There’s been talk about why Android Auto can’t be done solely over Bluetooth. And why we need to plug in our phone to actually use it. The reason is actually quite simple. Power. I’m sure you’ve used Google Maps and Navigation before, you know it takes quite a bit of power to be used, especially when you’re on LTE or even HSPA+. It’s the same thing with Android Auto. The data flow from your phone to your car is quite heavy and drains the battery in your phone. So it needs to be plugged in while driving with Android Auto to keep your phone at the same battery level or charged up a bit more.
Just as an example, I drove to the airport last week when I was heading to NYC for ASUS’ Zenfone 2 event. It’s about a 35-40 minute drive, and I had Google Maps going as well as streaming Spotify. I was running it off of the HTC One M9, and it was at about 85% when I plugged it in, when I got to the airport, it was at about 89%. Now if it hadn’t been plugged in, it would have likely been closer to about 30% of lower. So until Google can find a way to transfer all that data from your phone to the car and use less battery, you’re going to need to plug it in. I’m sure there are some other reasons why it needs to be plugged in as well, but that’s the most popular reason as to why.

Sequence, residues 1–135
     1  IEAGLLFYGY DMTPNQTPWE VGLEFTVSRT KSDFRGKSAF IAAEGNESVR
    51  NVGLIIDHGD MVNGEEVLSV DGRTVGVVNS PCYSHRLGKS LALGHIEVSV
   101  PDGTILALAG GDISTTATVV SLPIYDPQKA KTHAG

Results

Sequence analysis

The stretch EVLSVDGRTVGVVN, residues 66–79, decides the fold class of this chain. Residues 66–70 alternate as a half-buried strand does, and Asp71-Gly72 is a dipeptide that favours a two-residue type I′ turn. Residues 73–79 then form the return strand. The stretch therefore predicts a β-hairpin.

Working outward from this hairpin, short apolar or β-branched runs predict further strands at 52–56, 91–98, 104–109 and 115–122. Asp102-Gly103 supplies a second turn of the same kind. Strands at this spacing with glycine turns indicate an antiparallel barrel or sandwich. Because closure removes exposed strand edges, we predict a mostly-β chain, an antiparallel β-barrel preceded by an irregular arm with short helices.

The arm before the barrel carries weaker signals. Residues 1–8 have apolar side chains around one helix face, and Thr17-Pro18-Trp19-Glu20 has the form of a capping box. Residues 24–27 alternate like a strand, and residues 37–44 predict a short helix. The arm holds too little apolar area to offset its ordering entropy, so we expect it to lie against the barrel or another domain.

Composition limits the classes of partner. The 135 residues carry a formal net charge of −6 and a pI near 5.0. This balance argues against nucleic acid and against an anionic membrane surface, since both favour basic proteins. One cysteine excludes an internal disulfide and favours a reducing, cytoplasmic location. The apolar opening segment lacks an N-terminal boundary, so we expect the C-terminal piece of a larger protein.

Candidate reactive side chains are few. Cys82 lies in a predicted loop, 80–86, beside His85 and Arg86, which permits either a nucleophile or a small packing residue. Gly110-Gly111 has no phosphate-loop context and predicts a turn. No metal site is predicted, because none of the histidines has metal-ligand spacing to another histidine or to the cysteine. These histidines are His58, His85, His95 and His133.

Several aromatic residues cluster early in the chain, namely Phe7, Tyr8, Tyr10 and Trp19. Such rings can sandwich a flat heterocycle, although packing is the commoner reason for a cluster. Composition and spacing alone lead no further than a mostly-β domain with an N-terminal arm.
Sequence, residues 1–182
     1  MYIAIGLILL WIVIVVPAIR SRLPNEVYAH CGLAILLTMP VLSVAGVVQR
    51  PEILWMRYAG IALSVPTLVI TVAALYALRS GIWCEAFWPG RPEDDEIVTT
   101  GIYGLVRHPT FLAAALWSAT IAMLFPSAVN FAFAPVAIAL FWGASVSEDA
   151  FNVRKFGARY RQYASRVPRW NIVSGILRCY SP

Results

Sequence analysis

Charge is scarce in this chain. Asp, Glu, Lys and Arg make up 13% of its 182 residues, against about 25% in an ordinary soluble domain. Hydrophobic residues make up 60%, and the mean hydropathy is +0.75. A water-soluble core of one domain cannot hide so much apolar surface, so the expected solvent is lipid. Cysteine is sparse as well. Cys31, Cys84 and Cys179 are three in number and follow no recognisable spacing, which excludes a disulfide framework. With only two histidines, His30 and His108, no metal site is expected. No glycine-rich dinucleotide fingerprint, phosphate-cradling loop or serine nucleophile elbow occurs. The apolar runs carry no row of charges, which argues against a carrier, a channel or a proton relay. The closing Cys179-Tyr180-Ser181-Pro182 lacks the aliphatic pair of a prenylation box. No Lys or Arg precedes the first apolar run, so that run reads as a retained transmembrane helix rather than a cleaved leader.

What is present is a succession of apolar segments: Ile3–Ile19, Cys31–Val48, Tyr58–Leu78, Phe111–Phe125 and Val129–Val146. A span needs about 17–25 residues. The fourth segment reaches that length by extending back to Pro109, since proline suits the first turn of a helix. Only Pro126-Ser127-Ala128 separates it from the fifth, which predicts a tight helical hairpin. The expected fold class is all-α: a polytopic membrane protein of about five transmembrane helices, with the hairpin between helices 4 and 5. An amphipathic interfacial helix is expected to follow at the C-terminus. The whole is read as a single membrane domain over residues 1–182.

It’s also important to remember that Android Auto is still very new. Very, very new. We’re talking about 2-3 months old right now, even though it was announced at Google I/O last year. We’re going to see lots of changes taking place with Android Auto over the next few months and even years. And while having to connect to Android Auto via Bluetooth and USB is a bit annoying, especially if you’re only going to be driving for a few minutes, it’s what we have to do. At least for now.